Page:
Feel the Bern Part II by Linda S. Glaz

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Feel the Bern Part II by Linda S. Glaz

So we’ve learned that slang expressions can date our novels. How about names, careers, clothes?

I have a twenty-year old as the romantic lead. He’s handsome, great build, financially independent, and his name is Theodore Archibald Merryweather. Think that name will cut as a romantic lead today? How about Isadore? Harold? Horace? All great names in their time, but today they probably wouldn’t keep the female reader’s attention.

A female romantic lead. She’s a garbage collector. Fine job, but would it work as a career for a female romantic lead? It might, but probably not.

Again, a romantic lead. Only, he dresses in loud plaid jackets reminiscent of the 70s. Would it work today? It could. But again, probably not. It could actually turn off your reader.

We have to constantly be aware of who we are writing about and who we are writing for. Names should be names popular in any particular time period. UNLESS there is a reason for the outdated item or name. Maybe a young woman wears an old-fashioned pin of her grandmother’s because she can’t bear the grandmother’s death. So the old piece of jewelry has a reason. How about the name Theodore. It was a family name passed down, and he drew the short end of the straw. His nickname could be Theo, Teddy, Dor, or any number of names to make it sound more current. The garbage collector? She is also runs an art gallery or antique shop on weekends. Her “finds” are free additions to the stock she sells in her store.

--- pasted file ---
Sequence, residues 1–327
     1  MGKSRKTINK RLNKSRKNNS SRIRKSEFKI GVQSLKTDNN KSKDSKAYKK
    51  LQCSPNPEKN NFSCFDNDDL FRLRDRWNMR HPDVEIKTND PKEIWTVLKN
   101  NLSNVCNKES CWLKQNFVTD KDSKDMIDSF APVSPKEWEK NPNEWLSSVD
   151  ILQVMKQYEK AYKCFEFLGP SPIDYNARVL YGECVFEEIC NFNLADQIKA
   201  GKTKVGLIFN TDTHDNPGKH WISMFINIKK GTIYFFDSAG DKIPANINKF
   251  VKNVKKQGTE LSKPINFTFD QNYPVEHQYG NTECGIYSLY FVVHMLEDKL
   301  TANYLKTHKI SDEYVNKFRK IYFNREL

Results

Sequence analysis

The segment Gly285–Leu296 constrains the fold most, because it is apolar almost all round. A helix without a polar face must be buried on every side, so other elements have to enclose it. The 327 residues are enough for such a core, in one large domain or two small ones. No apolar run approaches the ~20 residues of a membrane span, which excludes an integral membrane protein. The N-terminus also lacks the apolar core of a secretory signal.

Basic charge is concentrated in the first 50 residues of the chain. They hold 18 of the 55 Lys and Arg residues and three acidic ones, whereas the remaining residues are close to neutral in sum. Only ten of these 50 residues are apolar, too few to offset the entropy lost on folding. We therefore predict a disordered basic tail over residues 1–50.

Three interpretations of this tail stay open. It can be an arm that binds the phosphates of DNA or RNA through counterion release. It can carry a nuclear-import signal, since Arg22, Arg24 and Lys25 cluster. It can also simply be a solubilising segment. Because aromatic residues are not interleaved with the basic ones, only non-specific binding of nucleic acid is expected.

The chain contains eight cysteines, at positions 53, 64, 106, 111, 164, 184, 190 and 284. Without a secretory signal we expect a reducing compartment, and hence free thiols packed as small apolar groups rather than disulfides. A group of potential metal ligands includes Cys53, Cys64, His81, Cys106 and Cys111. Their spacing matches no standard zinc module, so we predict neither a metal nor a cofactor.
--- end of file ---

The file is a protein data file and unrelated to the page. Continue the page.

Give us a reason for anything that doesn’t fit naturally.

Be sure your reader understands the difference between Feel the Bern and Feel the Burn. It has to make sense in order to keep their attention.

1 Comment

  1. Great post Linda. Authors must keep this in mind.

    BTW: I like the female garbage collector that runs n antique store! Did you know there is a garbage collector that has an art gallery in New York City? Nelson Molina started collecting around the time he joined the sanitation department, and more than 90% of all the pieces have been collected from Manhattan District 11 between 96th Street to 110 Street and between 1st and 5th Avenues (Molina’s route). They call it the Treasures in the Trash Museum.

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